Terrafugia Transition

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I was reminded of the flying car from Terrafugia by the article in
this month's AOPA Pilot. (The car was also shown on the cover of the
Hammacher Schlemmer catalog!)

I was wondering what people thought about the prospects for this go-
round at a flying car. All previous attempts (starting from the
earliest aviation pioneers) have been commercial (and usually
practical) failures.

To my mind, putting togeher two items that don't really fit usually
leads to a mediocre version of both. People said the same thing
about combining cell phones and cameras, but now the camera is
pretty good and the convenience of carrying just one item outweighs
the fact that the camera is not quite as good as a standalone model.

Do you think the Transition will be successful? The development team
is from MIT and I thought Phil might know the people involved. Has
anybody seen the demo unit?


-- Todd Ramming, November 29, 2010


I've followed the company since its inception and given the founders some advice (which they ignored!). Keep in mind that "success" in light sport aviation would be selling 50 to 100 airplanes per year. In other words, Terrafugia does not need to build a more practical transportation solution than a Hyundai Sonata; they simply need to build a fun toy for a few hundred quasi-rich folks.

I believe that Terrafugia has successfully romanced the government bureaucracies that traditionally try to protect American consumers from innovation and have mostly escaped from regulations governing automobiles. The main engineering challenge will be payload. When a part of the design doesn't perfect as planned, the typical result is an increase in weight. As the light sport rules impose a hard weight limit at the top, the result may be a flying car that works very well.... for one light person and a half tank of fuel.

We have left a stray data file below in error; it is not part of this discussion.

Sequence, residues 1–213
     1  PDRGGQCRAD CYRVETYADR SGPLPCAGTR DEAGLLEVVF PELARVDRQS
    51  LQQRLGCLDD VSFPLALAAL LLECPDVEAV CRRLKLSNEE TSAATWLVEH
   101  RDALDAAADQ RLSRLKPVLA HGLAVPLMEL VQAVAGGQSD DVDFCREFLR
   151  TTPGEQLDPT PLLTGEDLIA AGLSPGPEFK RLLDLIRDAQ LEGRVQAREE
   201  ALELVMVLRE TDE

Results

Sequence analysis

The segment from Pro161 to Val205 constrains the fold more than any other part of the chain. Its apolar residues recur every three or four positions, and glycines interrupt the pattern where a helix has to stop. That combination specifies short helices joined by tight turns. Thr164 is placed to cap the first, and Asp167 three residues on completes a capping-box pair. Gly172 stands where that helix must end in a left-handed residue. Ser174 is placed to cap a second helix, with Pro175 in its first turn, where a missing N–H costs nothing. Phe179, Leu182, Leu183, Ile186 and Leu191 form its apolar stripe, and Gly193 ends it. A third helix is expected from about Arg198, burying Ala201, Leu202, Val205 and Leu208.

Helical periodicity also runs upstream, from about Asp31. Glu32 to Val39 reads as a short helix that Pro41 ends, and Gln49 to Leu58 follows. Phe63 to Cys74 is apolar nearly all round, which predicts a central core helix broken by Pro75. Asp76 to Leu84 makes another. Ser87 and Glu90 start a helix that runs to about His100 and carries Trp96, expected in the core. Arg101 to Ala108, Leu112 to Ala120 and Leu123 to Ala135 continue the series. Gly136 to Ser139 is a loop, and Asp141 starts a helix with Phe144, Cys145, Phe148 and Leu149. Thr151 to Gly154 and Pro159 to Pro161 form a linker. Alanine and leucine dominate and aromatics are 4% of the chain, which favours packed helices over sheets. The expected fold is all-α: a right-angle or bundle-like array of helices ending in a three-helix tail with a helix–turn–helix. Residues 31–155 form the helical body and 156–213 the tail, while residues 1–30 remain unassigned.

-- Philip Greenspun, November 29, 2010

I don't believe the technology issues will be the biggest problem with the Terrafugia. Rather the laws governing both aircraft and automobiles will be a larger problem.

Do you get it inspected as a car and pass emissions etc? Does an aircraft mechanic or car mechanic fix it? Using what parts (approved for aircraft or Autozone?)? What happens if you get in a fender bender? What about insurance?

None of that would bother me as much as the way we would want to use the Terrafugia:

While driving to dinner on the freeway you see a bad traffic jam ahead. Unconcerned you simply unfold your wings and fly over the top of all those poor souls arriving at dinner with time to spare.

Or you're driving down the freeway when you pass a cop going 20 over and before he can pull you over, you simply unfold your wings and lift off. Laughing all the way up to 3,500MSL.

Of course you can't do that so your stuck using airports the same as the rest of us and that defeats the purpose and the potential fun.

Lastly, they don't get any points for appearance. This is coming from someone that likes Cessnas:)

-- Alex Baker, November 29, 2010